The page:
Origins of Ice Hockey
Until recently, it was widely believed that ice hockey evolved from English field hockey and Native American lacrosse. But research in the mid-1980s discovered the mention of a hockey-like game played by the Mi’kmaq First Nations peoples in the early 1800s.
The game played by the Mi’kmaq appears to have been primarily influenced by the Irish game of hurling. Players used a “hurley” (stick) to move a square wooden block across the rink. It’s now widely believed that this was the game that spread throughout Canada in the early 1800s, eventually leading to the creation of modern ice hockey.
As the sport developed, players adopted elements of field hockey, like the “bully” (later the face-off) and “shinning.” This evolved into an informal game known as shinny or shinty. The name hockey – as the organized game became known – is attributed to the French word hoquet, meaning “shepherd’s stick.”
Early versions of the game were played with a wooden block or ball that players would attempt to shoot into the other team’s goal. But an 1860 game at Kingston Harbour, Ontario, Canada featured the first recorded use of a puck instead. Today, hockey pucks are made of vulcanized rubber and are designed for durability. In fact, a 2014 study from the University of Alabama found that a standard puck could withstand 80,000 pounds of pressure before breaking apart.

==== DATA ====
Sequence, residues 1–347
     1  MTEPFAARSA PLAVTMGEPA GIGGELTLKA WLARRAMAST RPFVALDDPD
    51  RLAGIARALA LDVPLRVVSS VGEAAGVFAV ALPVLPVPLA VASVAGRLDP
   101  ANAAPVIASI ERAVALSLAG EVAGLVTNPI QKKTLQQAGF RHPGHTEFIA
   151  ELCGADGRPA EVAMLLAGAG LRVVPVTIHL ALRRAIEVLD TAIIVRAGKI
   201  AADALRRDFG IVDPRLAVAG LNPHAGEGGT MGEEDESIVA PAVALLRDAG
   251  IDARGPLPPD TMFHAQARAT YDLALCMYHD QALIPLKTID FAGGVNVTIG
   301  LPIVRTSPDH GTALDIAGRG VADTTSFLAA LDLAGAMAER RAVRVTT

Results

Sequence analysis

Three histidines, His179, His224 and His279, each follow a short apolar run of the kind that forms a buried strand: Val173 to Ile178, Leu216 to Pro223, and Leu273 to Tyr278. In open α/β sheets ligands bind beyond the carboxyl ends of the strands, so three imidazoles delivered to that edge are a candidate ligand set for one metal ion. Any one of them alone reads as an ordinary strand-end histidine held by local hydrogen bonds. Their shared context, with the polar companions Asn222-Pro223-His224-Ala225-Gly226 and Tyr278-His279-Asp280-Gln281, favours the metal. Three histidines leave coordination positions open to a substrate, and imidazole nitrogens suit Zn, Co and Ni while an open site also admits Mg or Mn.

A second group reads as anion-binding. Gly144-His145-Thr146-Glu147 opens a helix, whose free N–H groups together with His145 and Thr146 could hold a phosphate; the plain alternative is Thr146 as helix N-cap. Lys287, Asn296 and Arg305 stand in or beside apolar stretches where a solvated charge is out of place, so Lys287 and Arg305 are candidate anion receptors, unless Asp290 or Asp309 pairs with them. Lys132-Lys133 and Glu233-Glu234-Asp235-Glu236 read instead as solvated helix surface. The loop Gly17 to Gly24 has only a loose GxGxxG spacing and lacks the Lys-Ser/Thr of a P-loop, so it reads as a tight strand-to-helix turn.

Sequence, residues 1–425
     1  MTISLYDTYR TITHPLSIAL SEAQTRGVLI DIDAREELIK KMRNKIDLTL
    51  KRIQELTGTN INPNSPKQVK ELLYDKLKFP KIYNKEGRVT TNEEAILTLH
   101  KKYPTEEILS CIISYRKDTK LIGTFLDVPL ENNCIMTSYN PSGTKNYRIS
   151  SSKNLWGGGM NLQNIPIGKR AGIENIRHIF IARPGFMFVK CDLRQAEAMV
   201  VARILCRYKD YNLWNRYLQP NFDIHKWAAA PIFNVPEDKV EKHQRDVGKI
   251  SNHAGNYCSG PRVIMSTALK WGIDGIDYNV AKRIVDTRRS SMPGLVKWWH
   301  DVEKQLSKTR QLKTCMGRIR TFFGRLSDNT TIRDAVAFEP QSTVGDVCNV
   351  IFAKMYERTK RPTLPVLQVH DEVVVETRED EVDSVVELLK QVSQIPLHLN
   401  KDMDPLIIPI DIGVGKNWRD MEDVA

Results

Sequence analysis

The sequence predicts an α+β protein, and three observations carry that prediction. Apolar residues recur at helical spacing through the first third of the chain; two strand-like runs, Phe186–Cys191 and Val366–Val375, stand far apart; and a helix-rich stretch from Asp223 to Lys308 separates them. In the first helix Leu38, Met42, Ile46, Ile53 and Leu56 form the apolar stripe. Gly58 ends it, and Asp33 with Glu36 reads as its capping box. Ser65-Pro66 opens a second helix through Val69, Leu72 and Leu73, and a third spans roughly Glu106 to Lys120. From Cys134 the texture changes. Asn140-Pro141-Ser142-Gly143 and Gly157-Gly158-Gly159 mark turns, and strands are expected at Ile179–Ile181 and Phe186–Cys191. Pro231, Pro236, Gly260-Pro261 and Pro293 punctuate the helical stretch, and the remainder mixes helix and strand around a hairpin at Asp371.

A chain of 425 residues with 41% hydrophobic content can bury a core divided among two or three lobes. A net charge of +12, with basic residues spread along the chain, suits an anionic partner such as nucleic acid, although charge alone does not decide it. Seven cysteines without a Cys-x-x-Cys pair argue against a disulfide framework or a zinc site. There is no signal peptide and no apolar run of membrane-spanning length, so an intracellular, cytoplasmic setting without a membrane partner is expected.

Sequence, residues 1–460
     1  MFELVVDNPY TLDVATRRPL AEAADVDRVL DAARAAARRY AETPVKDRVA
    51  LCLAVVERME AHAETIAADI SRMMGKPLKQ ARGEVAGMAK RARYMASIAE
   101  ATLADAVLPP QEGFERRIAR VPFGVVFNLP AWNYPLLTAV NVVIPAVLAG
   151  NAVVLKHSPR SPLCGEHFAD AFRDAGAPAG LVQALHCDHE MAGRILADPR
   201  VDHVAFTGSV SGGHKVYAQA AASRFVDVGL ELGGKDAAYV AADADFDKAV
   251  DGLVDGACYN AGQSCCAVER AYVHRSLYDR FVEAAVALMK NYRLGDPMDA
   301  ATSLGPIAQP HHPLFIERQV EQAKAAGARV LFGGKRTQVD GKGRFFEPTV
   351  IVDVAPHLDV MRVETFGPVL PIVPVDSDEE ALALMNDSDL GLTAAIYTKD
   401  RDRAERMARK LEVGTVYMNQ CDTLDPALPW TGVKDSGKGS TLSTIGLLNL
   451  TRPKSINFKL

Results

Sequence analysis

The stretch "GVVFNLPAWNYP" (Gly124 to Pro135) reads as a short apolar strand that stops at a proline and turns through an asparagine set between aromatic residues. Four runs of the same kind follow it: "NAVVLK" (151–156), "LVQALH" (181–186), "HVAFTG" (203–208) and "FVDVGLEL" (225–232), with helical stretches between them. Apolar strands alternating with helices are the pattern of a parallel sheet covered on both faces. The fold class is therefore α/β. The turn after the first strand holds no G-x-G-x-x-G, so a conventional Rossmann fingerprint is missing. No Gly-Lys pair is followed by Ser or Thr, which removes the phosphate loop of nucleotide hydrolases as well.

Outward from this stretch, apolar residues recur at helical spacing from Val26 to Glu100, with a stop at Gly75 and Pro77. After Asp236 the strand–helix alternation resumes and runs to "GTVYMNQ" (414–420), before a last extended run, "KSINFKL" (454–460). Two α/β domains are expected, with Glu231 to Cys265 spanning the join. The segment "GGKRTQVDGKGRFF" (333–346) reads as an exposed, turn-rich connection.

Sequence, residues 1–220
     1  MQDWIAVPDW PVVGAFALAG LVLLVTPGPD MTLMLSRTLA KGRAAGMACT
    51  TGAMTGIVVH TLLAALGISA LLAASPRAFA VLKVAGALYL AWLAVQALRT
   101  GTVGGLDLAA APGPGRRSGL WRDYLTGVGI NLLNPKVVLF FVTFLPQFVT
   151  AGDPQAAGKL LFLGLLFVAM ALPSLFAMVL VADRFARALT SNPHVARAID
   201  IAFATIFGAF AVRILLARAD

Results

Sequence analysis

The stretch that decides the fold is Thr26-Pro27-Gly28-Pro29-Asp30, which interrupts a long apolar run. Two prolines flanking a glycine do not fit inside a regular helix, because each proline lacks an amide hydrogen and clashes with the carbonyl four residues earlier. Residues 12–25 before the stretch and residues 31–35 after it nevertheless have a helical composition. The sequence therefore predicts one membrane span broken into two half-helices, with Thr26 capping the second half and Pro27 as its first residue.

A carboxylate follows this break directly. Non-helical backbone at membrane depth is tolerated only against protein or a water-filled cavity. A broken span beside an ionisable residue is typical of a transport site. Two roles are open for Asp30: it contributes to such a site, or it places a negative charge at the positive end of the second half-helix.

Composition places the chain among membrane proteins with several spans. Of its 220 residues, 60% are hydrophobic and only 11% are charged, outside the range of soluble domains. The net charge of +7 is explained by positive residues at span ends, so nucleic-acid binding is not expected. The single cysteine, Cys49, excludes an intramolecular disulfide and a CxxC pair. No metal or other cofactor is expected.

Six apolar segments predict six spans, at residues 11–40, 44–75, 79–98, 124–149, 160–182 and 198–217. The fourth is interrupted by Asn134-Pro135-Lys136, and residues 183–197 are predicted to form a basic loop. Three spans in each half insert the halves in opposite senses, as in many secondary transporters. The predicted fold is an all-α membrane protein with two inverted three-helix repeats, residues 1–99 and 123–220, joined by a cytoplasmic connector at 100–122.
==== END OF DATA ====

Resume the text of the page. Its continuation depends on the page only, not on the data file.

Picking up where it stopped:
The first recorded public indoor ice hockey game was held at Montreal’s Victoria Skating Rink in 1875 between two teams of McGill University students. It proved to be nearly as high-contact as many of today’s games. According to the Ontario newspaper The Daily British Whig, “Shins and heads were battered, benches smashed and the lady spectators fled in confusion.”
By the late 1800s, hockey was competing with lacrosse as Canada’s most popular sport. The first national hockey organization, the Amateur Hockey Association of Canada, was formed in Montreal in 1885. National attention was further focused on the game in 1893 when the Canadian governor-general, Frederick Arthur, Lord Stanley of Preston, donated a cup to be awarded annually to the top Canadian team. The three-foot-high silver trophy became known as the Stanley Cup. It was first awarded in 1892–93 to the Montreal Amateur Athletic Association team.
National Hockey League
The National Hockey Association (NHA), the precursor to the National Hockey League, was organized in 1910 and quickly became the sport’s strongest association in North America. But the NHA had its dissenters, and in a move to eject one of the league members, they decided to disband and form a new league. This resulted in the 1917 creation of the National Hockey League (NHL), which went on to become the world’s foremost professional hockey league.
Initially, the NHL consisted of only Canadian teams. But in 1924 the first U.S. team, the Boston Bruins, joined the league. Several other American teams joined in the following years – a few of which quickly exited – and for several decades, the NHL was composed of just six teams. But in 1967, the NHL undertook one of the largest expansions in professional sports history when it doubled in size to 12 teams.
In the years since the league’s inception, a number of figures have emerged as icons of the sport. The Montreal Canadiens have won the most Stanley Cups with a total of 24. They’ve won nearly twice as many championships as the second-closest team, the Toronto Maple Leafs, with 13. When it comes to individual players, Wayne Gretzky has the most records of any NHL athlete. He holds or shares a total of 61 records in the NHL’s Official Guide and Record Book.
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